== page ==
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The quest to be proactive in fighting heart disease has taken an unprecedented turn. Researchers from the College of Pharmacy have uncovered a potential new indicator of heart disease; these indicators, referred to as biomarkers, can be a sign that a patient is at risk for cardiovascular issues.

Pharmacy graduate students David Henson and David Nardo, PharmD along with faculty advisor Vincent Venditto, PhD worked to test the association between adverse cardiovascular events, like heart attacks and strokes, and ApoA-I.

ApoA-I is a protein that is instrumental in carrying fats and cholesterol throughout the bloodstream. The recently published findings show how the Venditto lab identified a unique form of ApoA-I that has an immune molecule, or antibody, coupled with it. High levels of this ApoA-I/antibody complex are associated with improved patient outcomes.

This is a significant finding in that it could provide doctors another indicator of an individual who is at risk for adverse cardiovascular events. Low levels of HDL (often called the “good” cholesterol) coupled with factors like family history, age, sex, and smoking can help doctors treat at-risk patients before their symptoms worsen.

“The implications for this data are exciting, and we look forward to evaluating this biomarker in a larger cohort of patients and uncovering the role of this biomarker in cardiovascular disease,” said Venditto, assistant professor at the UK College of Pharmacy.

Biomarkers have become an integral aspect of the medical field contributing to the creation of preventative and individualized treatments for patients. Knowledge of these biomarkers can allow physicians to be more proactive in cardiovascular care. “Once further research is conducted, we have the potential to improve the approach to cardiovascular health and improve the way these kinds of issues are addressed,” said Henson.

The problem of heart disease is one that hits close to home for many Kentuckians, and this biomarker could change the way cardiovascular care is performed forever.

Heart disease is the leading cause of death in the United States, and Kentucky ranks 9th overall in terms of heart disease deaths per year. According to the Center for Disease Control, over 10,000 Kentuckians lost their lives to heart disease in 2017. Statistics like these are what keep heart disease and strokes the top two causes of death in Kentucky.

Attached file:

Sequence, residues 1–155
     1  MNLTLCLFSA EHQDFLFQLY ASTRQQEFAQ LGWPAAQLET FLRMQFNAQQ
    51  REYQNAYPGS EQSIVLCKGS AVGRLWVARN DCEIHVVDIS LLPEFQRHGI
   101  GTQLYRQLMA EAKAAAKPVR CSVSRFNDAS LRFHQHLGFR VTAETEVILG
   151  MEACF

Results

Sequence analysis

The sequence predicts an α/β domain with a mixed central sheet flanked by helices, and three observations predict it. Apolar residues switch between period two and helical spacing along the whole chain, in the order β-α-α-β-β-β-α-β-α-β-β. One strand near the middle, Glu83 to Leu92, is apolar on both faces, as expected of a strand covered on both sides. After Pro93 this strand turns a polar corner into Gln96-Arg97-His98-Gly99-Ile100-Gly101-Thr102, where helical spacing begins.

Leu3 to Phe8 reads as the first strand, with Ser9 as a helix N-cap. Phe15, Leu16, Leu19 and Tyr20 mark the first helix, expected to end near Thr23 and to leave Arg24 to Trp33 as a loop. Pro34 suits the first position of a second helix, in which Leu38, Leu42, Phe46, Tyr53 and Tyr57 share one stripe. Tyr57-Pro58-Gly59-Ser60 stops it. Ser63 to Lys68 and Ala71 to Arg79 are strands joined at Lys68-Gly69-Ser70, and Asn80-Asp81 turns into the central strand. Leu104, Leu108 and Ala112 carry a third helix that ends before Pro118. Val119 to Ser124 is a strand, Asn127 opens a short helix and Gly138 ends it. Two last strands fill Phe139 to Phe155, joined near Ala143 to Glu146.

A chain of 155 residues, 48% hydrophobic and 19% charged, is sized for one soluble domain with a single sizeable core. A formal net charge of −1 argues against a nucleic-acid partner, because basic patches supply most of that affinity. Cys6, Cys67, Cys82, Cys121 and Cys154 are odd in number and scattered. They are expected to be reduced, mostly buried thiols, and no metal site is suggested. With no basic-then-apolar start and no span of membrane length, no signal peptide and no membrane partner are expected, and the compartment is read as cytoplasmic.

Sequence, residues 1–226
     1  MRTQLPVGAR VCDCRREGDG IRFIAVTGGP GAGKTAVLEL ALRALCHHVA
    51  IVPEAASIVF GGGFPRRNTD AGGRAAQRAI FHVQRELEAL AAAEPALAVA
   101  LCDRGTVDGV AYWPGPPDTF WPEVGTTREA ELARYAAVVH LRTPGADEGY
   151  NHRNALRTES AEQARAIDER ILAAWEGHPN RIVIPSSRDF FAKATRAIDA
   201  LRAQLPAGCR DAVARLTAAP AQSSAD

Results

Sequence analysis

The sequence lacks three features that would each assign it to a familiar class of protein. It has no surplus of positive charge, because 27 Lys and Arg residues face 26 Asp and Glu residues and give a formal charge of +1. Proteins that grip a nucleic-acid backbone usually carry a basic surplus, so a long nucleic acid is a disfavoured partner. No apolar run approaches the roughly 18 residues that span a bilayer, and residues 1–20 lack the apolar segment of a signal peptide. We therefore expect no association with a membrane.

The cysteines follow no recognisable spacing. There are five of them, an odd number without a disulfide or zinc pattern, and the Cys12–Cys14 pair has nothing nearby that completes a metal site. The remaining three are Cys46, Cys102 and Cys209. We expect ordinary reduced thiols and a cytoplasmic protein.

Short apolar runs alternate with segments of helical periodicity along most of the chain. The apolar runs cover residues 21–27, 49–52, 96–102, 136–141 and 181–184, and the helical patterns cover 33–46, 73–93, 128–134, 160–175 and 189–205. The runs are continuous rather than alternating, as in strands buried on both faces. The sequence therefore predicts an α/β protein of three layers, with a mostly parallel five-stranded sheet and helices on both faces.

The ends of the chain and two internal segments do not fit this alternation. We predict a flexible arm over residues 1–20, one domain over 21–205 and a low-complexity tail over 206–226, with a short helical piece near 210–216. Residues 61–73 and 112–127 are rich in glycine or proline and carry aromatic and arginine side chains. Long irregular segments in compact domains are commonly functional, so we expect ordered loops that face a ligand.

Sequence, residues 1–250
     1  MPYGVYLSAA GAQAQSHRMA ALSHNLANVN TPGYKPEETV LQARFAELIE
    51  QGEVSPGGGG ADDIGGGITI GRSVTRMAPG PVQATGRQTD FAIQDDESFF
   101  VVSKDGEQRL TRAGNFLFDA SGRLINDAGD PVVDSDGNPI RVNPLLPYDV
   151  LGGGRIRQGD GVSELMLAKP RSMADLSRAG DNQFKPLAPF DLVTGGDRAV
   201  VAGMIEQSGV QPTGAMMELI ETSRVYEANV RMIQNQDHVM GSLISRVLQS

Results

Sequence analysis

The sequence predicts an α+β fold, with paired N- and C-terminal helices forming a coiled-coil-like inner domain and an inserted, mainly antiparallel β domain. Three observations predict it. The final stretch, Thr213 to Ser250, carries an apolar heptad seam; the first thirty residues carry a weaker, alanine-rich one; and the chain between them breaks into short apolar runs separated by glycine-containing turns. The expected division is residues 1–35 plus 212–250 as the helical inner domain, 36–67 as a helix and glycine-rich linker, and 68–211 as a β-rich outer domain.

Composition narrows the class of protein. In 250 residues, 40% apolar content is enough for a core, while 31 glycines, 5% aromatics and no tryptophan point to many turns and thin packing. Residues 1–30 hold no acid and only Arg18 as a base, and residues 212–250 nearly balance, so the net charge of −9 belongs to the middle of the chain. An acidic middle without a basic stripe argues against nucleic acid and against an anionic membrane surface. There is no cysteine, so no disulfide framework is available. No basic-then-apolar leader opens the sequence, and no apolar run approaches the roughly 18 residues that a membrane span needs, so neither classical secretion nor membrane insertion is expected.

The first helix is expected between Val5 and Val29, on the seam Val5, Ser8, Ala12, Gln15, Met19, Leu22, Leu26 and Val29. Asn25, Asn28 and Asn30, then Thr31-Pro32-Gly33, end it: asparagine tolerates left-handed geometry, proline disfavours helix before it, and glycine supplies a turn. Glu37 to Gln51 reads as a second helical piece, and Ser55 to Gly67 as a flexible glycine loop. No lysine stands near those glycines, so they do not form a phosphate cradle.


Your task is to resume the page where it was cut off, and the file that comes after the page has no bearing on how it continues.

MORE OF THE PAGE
This research is an opportunity to help lower that number for the future. “Our hope is that our research and others like it will bring Kentucky’s numbers down. If we remain persistent, pushing the boundaries of what we already know, we can lessen the impact of heart disease both in Kentucky and in the entire U.S.” said Nardo, fellow researcher and graduate student.

The use of the HDL and immune complexes (ApoA-I/antibody) led these UK researchers to a conclusion contrary to that of their peers. Past research has found antibodies in circulation targeting ApoA-I increase the risk of heart disease. On the contrary, this research identified ApoA-I/antibodies as an unexplored component of the immune response that is associated with improved survival in patients with cardiovascular disease.

This research was supported through funding from the NIH and the American Heart Association.

We wish to remember and honor those who inhabited this Commonwealth before the arrival of the Europeans. Briefly occupying these lands were the Osage, Wyndott tribe, and Miami peoples. The Adena and Hopewell peoples, who are recognized by the naming of the time period in which they resided here, were here more permanently. Some of their mounds remain in the Lexington area, including at UK’s Adena Park.

In more recent years, the Cherokee occupied southeast Kentucky, the Yuchi southwest Kentucky, the Chickasaw extreme western Kentucky and the Shawnee central Kentucky including what is now the city of Lexington. The Shawnee left when colonization pushed through the Appalachian Mountains. Lower Shawnee Town ceremonial grounds are still visible in Greenup County.

We honor the first inhabitants who were here, respect their culture, and acknowledge the presence of their descendants who are here today in all walks of life including fellow pharmacists and healthcare professionals.